On Tuesday (July 26), more Asian soybean rust was confirmed in Georgia. The latest discovery was on two leaves in a Colquitt County sentinel plot. Colquitt County, in the state’s coastal plain, is southwest of Tift County, where rust-contaminated leaves were collected on July 15.
“The two infected leaves — out of 100 collected — were gathered on Monday (July 25) out of Group IIIs or IVs,” said Bob Kemerait, Georgia Extension plant pathologist. “Those two leaves had pustules and an abundance of spores.”
Tuesday (July 26) was a busy day for Kemerait. Besides announcing the new rust find, he toured southwest Georgia with Glen Hartman, a University of Illinois plant pathologist.
“Hartman is a rust ‘guru’ working with the USDA. He wanted to determine how widespread rust is in the state. We looked very hard for rust in commercial beans and kudzu and didn’t find anything obvious. That bolstered my opinion that rust isn’t progressing across the state quickly. It’s out there but it’s still very difficult to find, even in plots where it’s been confirmed. It takes a microscope to find. You can’t just walk out in a field and say, ‘There it is.’”
In mid-July, when rust was found in Tift County, growers in the area were told it would be prudent to protect their soybeans with a fungicide. Kemerait still believes that advice is solid, “especially if beans are going into the bloom stage. Protective sprays are probably a good investment anyway. We’ve seen a lot of frogeye.
“However, with the low incidence of rust in southwest Georgia — the most likely spot to see it — it’s understandable if a grower wants to hold off and see what happens. As slow as rust is moving, even if it moves into his area, a grower probably has time to put out a fungicide. Rust is creeping rather than exploding.”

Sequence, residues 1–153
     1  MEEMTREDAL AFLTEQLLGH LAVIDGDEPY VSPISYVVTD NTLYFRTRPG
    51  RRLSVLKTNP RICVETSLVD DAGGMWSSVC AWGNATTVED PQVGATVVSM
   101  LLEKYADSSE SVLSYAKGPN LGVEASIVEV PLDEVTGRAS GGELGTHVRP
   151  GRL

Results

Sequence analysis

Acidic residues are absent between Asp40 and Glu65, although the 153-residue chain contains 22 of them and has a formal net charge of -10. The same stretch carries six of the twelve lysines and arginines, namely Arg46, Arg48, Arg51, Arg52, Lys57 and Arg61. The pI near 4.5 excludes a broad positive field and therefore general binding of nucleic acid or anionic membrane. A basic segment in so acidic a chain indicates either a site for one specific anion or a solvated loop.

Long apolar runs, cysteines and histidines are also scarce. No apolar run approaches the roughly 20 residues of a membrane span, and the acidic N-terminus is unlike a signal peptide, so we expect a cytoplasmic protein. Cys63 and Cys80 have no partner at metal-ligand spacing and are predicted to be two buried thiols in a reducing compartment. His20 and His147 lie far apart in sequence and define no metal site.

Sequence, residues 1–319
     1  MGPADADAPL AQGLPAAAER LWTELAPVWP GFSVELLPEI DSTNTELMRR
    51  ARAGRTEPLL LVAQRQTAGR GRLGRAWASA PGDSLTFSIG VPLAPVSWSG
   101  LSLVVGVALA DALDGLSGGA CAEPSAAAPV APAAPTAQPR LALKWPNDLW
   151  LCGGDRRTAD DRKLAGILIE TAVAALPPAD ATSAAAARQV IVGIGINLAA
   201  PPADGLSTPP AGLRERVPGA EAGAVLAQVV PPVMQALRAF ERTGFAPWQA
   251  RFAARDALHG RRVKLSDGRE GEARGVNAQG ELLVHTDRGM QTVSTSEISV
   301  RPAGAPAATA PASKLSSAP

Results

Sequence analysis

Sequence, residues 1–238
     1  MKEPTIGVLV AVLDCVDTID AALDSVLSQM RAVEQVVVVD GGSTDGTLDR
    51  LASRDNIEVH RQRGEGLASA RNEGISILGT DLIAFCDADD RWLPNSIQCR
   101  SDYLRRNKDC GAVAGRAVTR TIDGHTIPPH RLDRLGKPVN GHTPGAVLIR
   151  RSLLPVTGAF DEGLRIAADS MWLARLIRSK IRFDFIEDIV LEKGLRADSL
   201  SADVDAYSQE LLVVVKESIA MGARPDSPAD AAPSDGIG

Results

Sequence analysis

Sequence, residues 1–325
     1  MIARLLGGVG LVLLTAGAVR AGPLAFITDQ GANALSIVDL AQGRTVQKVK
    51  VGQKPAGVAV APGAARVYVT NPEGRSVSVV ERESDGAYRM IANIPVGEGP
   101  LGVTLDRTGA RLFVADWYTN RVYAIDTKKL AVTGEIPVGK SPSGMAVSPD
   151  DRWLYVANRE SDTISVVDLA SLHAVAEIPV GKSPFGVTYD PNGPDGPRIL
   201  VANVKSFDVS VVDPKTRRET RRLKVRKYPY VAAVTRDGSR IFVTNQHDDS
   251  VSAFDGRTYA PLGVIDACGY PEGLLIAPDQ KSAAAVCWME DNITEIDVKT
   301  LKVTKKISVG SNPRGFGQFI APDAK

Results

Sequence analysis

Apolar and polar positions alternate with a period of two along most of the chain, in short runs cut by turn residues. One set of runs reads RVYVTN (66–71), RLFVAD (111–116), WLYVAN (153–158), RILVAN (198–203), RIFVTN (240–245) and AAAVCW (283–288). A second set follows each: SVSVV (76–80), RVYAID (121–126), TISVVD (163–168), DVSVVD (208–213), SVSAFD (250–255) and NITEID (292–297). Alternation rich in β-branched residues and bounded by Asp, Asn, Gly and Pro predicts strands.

How much spraying has Kemerait seen?
“Many growers have sprayed but there are a lot who haven’t. Those who sprayed typically have a mindset of, ‘I’m going to do this and protect my crop for three weeks and then reassess.’ If a grower isn’t scouting fields closely and doesn’t want to, they should put a protective spray out. If they’re scouting hard, they probably have time to get a curative spray out before rust reaches their fields.”
At season’s start, Kemerait said fears were of, “an explosion of rust. That hasn’t materialized. We were preparing growers for an early, rapidly-developing epidemic.
“We’re scratching our heads about why that hasn’t happened. The most logical explanation is there’s not a critical spore mass out there. Conditions have been favorable and the crop is at the right stage for rust. But speculation is there isn’t a spore mass large enough to cause widespread disease.
“Of course, we don’t know what the next few weeks will bring, but some of our beans are at R-3. Many are at R-2. We don’t have to go that much longer before we’re out of the worry window.”